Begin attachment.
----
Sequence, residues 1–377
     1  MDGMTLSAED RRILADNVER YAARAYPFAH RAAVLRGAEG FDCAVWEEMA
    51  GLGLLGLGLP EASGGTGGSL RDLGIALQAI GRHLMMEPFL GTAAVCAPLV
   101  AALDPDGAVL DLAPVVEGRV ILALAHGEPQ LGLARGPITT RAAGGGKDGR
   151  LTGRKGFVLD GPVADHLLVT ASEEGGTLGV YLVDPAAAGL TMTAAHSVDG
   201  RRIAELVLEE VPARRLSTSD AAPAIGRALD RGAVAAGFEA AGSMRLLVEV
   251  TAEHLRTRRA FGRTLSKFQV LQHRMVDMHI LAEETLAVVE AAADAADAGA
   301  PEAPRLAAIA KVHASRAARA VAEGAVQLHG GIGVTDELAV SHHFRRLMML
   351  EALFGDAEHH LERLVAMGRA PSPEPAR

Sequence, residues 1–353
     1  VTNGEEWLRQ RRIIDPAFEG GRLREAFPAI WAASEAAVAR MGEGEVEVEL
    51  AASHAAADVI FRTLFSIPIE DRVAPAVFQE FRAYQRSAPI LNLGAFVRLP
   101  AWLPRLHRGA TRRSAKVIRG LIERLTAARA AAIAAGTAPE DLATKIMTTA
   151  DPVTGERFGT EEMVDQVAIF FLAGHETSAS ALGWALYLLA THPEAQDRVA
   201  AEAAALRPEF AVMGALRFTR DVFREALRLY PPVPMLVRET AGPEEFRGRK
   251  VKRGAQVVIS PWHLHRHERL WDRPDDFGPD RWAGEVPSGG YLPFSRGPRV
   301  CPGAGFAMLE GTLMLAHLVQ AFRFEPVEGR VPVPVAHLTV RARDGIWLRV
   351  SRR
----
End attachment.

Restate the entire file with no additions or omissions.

Sequence, residues 1–377
     1  MDGMTLSAED RRILADNVER YAARAYPFAH RAAVLRGAEG FDCAVWEEMA
    51  GLGLLGLGLP EASGGTGGSL RDLGIALQAI GRHLMMEPFL GTAAVCAPLV
   101  AALDPDGAVL DLAPVVEGRV ILALAHGEPQ LGLARGPITT RAAGGGKDGR
   151  LTGRKGFVLD GPVADHLLVT ASEEGGTLGV YLVDPAAAGL TMTAAHSVDG
   201  RRIAELVLEE VPARRLSTSD AAPAIGRALD RGAVAAGFEA AGSMRLLVEV
   251  TAEHLRTRRA FGRTLSKFQV LQHRMVDMHI LAEETLAVVE AAADAADAGA
   301  PEAPRLAAIA KVHASRAARA VAEGAVQLHG GIGVTDELAV SHHFRRLMML
   351  EALFGDAEHH LERLVAMGRA PSPEPAR

Sequence, residues 1–353
     1  VTNGEEWLRQ RRIIDPAFEG GRLREAFPAI WAASEAAVAR MGEGEVEVEL
    51  AASHAAADVI FRTLFSIPIE DRVAPAVFQE FRAYQRSAPI LNLGAFVRLP
   101  AWLPRLHRGA TRRSAKVIRG LIERLTAARA AAIAAGTAPE DLATKIMTTA
   151  DPVTGERFGT EEMVDQVAIF FLAGHETSAS ALGWALYLLA THPEAQDRVA
   201  AEAAALRPEF AVMGALRFTR DVFREALRLY PPVPMLVRET AGPEEFRGRK
   251  VKRGAQVVIS PWHLHRHERL WDRPDDFGPD RWAGEVPSGG YLPFSRGPRV
   301  CPGAGFAMLE GTLMLAHLVQ AFRFEPVEGR VPVPVAHLTV RARDGIWLRV
   351  SRR